Several years ago when traveling through Germany a friend of mine watched me open up my email account: “You use Gmail? I expected more from you. Don’t you know how dangerous this is?” I quite honestly had no frame of reference with which to receive his shock. From the earliest days when Google was only a search engine I preferred it both to Yahoo and to Msn.com and my appreciation for the (free) tools offered by Google only grew to love it as time passed and Google grew into a full blown behemoth. My friend informed me of the dangers of Google and the perils it could potentially could/would pose to users—a treasure trove of information far exceeding that which Hitler had access to in Nazi Germany when citizens had to suffer the consequences of the data associated with their names. For these reasons, Gmail has not been made available in Germany, being that the privacy settings that Google operates with do not meet the criteria established by the German government. All in all, because of Germany’s tragic history its citizens evince a deep abiding concern in the use and misuse of personal data. I have to admit myself I found it strange and somewhat concerting when I spent some time in café not too long ago and a cameraman contracted by Google set up a tripod and began digitizing us without even asking whether we approved.
At the moment Representative Jackie Speier, a Democrat from California, has been preparing a new legislation titled “Do Not Track” which will give consumers the opportunity not to have any of their information collected before they begin navigating the sites. The efficacy with which Google, Facebook, Amazon and others have been able to target users with ads based on their navigational history and other online behavior could radically alter how the online business world communicates with consumers. If as the late great French historian of philosophy Michel Foucault pronounced, “knowledge is power,” than who could be greater than Google with whom the greater portion of the globe has opened an account in their information bank. Imagine the nuclear explosion of a wiki-type-leak in Google’s servers.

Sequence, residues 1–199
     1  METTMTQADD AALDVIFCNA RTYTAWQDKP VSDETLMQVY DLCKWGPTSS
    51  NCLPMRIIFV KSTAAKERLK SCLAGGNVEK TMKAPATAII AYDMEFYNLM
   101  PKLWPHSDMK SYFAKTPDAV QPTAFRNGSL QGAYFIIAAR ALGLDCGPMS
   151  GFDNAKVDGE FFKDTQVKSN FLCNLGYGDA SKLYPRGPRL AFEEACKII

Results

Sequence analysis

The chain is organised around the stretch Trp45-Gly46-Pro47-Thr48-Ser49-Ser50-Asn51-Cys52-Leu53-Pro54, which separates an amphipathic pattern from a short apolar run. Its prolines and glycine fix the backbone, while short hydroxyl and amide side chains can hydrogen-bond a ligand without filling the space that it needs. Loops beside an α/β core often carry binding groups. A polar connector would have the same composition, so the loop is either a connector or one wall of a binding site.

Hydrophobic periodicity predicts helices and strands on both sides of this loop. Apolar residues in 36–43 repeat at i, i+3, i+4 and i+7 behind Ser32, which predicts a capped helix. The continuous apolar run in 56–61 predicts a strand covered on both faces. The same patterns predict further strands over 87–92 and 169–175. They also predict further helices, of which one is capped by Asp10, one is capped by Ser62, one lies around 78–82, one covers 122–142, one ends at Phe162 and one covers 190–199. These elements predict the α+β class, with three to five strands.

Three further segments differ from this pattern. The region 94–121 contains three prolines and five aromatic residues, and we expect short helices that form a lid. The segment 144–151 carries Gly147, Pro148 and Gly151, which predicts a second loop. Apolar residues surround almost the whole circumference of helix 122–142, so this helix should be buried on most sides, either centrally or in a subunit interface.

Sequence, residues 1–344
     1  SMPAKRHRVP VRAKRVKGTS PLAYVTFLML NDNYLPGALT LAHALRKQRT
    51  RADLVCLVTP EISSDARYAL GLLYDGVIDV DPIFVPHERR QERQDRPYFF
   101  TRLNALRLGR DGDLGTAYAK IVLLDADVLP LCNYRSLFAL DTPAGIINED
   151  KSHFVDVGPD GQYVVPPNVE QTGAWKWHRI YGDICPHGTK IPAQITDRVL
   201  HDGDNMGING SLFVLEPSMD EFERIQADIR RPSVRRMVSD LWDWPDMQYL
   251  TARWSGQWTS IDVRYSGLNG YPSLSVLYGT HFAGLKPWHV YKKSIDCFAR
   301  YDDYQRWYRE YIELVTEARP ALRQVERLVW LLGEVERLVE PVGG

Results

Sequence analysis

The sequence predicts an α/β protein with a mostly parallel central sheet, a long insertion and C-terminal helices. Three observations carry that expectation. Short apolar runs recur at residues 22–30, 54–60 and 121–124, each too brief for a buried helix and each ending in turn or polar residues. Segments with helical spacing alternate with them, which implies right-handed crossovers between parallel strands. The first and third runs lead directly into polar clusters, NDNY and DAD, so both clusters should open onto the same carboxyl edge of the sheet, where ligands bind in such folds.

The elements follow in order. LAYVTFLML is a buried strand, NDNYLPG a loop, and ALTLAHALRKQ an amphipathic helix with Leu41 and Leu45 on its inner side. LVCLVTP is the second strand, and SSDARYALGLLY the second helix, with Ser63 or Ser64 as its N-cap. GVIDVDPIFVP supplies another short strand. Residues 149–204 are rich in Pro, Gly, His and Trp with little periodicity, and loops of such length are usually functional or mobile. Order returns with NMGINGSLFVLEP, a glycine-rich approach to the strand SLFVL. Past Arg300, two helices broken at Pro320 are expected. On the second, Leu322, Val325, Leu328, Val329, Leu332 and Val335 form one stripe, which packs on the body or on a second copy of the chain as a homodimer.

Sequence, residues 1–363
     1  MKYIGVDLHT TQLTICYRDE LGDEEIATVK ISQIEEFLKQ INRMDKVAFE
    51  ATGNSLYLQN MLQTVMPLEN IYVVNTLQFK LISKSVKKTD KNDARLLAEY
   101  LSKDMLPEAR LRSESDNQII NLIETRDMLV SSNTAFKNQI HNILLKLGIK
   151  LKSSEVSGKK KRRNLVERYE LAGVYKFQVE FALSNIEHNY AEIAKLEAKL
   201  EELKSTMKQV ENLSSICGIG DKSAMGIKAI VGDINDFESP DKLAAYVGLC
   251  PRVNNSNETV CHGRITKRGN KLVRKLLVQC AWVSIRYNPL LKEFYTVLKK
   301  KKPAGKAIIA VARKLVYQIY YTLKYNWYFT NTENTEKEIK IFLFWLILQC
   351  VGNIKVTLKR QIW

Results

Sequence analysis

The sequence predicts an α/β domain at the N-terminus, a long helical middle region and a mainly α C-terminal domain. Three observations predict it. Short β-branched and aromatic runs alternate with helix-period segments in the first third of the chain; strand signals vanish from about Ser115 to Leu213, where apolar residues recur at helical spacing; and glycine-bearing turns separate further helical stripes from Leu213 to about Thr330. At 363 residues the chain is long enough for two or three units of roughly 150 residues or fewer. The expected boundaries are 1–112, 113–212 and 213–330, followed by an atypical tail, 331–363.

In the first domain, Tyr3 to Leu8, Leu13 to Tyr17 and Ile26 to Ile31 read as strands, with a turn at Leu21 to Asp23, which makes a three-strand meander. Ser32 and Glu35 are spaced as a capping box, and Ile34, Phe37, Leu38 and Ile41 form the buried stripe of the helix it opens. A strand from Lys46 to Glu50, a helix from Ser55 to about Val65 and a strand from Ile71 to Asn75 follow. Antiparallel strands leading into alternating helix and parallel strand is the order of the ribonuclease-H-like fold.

And yet the tools of web 2.0 have streamlined our lives in a marvelous and unimagined way, bringing together consumers and producers, users and providers, individuals and communities in ways that even language has hitherto been unable to do. My Netflix suggestions have only served me positively by introducing me to movies I would never enjoy otherwise; so who am I to say they should stop serving me?